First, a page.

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Acacia Info

Acacia paintingThis plant's yellow flowers are very Sun-like.  This herb's Sun protective power comes out in the use of its resin as a binder for a blessing incense; its leaves and wood can be infused in water to make a sacred water for aspurging.  Its Air aspect is shown in its connection with the spiritual.  In aromatherapy, it is used for meditation, and in magick it is connected to invoking visions (often combined with sandalwood) and for divination.  Some have contacted the dead in dreams after burning star anise, althaea (hollyhock) leaves, and acacia leaves as incense in the sleeping room.  This plant also has Neptune and Pluto influences.  (This illustration of A. baileyana is by AJ Campbell [1921]). For other acacia products, see gum arabic and catechu).

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A. baileyana - Bailey's Acacia Info

Acacia baileyanaThis tall shrub (20-30 feet outside) or small tree is a good choice for miniature bonsai, because it has a good gnarly trunk.  Its yellow flowers are very fragrant and bloom in spring, although if it is grown as bonsai, it might be hard to get it to bloom.  Even though birds generally do not like to hang out on acacias because of the thorns, they do like to eat the seeds, which are borne in brown pods, often curving.  This plant can survive temperatures down to 20 F. This fast-growing plant's general shape is round--it will get as wide as it is tall.  The leaves are grayish green. Top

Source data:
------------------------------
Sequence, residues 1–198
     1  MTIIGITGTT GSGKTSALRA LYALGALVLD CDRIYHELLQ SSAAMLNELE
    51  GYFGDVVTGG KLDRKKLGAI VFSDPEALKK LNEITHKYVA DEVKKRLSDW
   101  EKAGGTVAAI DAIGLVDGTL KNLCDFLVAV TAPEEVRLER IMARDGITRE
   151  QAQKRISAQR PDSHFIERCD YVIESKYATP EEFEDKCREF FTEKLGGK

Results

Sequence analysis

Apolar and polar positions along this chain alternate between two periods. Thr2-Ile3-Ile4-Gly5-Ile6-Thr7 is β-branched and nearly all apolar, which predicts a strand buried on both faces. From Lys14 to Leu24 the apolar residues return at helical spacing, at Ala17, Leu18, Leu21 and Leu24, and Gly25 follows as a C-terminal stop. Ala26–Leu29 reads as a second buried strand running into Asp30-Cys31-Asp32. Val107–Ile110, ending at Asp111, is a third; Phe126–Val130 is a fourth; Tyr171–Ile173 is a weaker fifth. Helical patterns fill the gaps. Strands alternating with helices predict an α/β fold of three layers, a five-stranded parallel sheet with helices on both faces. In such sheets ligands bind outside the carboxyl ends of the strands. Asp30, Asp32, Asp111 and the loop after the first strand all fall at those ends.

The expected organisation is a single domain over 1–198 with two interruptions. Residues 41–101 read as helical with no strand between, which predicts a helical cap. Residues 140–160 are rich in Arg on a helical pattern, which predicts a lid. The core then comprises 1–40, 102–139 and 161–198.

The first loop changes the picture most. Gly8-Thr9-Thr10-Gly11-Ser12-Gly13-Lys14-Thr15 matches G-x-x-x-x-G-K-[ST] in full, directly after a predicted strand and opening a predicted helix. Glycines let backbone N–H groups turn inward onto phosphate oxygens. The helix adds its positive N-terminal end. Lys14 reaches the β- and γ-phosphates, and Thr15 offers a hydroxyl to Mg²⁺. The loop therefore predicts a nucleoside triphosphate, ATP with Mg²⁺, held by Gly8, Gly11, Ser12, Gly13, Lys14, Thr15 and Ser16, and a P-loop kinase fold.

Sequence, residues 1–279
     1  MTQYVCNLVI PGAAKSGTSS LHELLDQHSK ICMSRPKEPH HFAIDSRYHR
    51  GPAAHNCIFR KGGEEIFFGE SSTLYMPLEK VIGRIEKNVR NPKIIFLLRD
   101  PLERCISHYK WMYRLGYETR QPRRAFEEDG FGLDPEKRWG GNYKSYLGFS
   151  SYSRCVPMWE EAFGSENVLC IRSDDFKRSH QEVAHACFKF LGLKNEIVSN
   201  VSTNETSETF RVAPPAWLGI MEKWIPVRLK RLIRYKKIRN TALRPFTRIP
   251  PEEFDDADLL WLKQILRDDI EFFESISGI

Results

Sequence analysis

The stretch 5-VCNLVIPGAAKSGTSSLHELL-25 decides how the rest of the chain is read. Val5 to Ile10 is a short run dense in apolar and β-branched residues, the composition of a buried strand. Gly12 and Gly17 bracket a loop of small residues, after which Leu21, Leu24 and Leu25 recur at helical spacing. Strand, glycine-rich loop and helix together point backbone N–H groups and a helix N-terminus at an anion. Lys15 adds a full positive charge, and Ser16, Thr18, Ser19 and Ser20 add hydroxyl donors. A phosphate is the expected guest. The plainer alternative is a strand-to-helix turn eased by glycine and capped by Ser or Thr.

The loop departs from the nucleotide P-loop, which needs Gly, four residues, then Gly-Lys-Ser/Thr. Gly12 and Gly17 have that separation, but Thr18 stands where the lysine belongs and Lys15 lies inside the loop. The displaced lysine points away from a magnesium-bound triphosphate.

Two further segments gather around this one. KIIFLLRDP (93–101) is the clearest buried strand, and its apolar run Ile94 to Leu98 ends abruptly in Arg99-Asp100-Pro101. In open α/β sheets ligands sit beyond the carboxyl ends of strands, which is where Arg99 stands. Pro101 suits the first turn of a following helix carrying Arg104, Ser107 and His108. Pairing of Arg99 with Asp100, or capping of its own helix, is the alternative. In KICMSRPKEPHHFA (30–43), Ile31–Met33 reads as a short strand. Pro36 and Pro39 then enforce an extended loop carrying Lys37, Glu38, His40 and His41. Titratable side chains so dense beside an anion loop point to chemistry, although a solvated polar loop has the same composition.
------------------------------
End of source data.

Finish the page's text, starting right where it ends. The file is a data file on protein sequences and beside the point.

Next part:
Uses in Witchcraft & Magic:

Sun Herb
Bonsai Plant
Fragrant flowers
Seeds for birds

 How to Grow These Plants

To germinate, nick the hard seed coats with a nail clipper or file the end.  Put them in a thermos of hot water (not boiling) and let them soak for two days. Sow at 2-3 times their width (this depth is a good rule of thumb for most seeds, btw).  They will germinate in two weeks.  Acacias are warm weather trees. In much of North America, they have to be brought indoors during the winter, although they like it to be below 64 F (and A. baileyana likes it 46-53 F, so they would do well on a sun porch in the winter up north). They like moderate to slightly dry conditions.  They are short-lived perennials in zones 10-11 (south Florida or the Northwest). Acacias can get leggy--lots of top growth with lower branches dying back.  Pruning will take care of that.  You can get more acacias by taking a live cutting in the summer, using a rooting hormone on it, and growing it with bottom heat.  This plant is allelopathic--its dropped leaves contain chemicals that prevent other plants from growing where they fall--so the area underneath these trees will not have any plants. If growing inside, put them in full sun and allow the soil to dry between waterings. Use a grow light in the winter, especially to extend the day.  If the soil gets too dry, the leaves will fall off. The soil should not be too rich and should drain quickly.  Daily misting helps this plant if you live in a dry climate or inside during the winter.  This plant enjoys fertilizer.  Repot every 2-4 years. General growing info Top

2004, 2015 Harold A. Roth; No reproduction without permission. Excerpts must be less than forty words and contain a working link to this site.